The skydiver Stephen Hilder, who plunged 13,000ft to his death in sabotaged equipment, talked about committing the "perfect murder" on numerous occasions, an inquest has heard.
Mr Hilder, 20, an Army cadet, fell to his death at Hibaldstow airfield, north Lincolnshire, in July 2003 while competing in the British Collegiate Championships, after straps on both his main and reserve parachutes were cut.
His girlfriend, Ruth Woodhouse, told the inquest in Scunthorpe that Mr Hilder was forensically aware and that they had numerous discussions about how to commit the perfect crime. Miss Woodhouse, who has a postgraduate degree in forensic engineering and science, said she had told him it was not possible.
Following a 10-month murder inquiry, Humberside Police said DNA taken from a pair of scissors found in Mr Hilder's car showed that they had been used to cut the straps on his parachute and that only Mr Hilder's DNA was found on them. Miss Woodhouse, 25, of Stafford, said: "If he was going to stage something then he wouldn't just chuck the scissors in the back of the boot."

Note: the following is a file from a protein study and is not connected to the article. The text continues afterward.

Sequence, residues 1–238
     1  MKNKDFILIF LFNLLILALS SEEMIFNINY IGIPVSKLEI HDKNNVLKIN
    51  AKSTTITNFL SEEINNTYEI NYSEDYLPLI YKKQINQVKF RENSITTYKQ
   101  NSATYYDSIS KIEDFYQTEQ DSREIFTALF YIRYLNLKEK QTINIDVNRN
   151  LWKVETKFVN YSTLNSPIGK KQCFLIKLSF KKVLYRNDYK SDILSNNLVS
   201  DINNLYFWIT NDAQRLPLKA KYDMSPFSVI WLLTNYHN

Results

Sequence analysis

She said they had been in a "light-hearted, relaxed relationship" for around five months before his death. When asked by coroner Stewart Atkinson whether she thought Mr Hilder may have committed suicide, she said: "There is no way, there is just no way."
The inquest also heard from Adrian Blair, of Dobwalls, Cornwall, who was with Mr Hilder on his final jump. A statement from Mr Blair, who was arrested on suspicion of murder but subsequently cleared, was read to the inquest.
The 21-year-old, who has now left the Army and lives in California, said that during a car journey two months before his death, Mr Hilder had told him that if he was going to commit suicide, he would want to jump out of a plane.
He said: "We agreed that would be the best way to die rather than in a road accident or by shooting yourself."
The hearing was adjourned until Monday.
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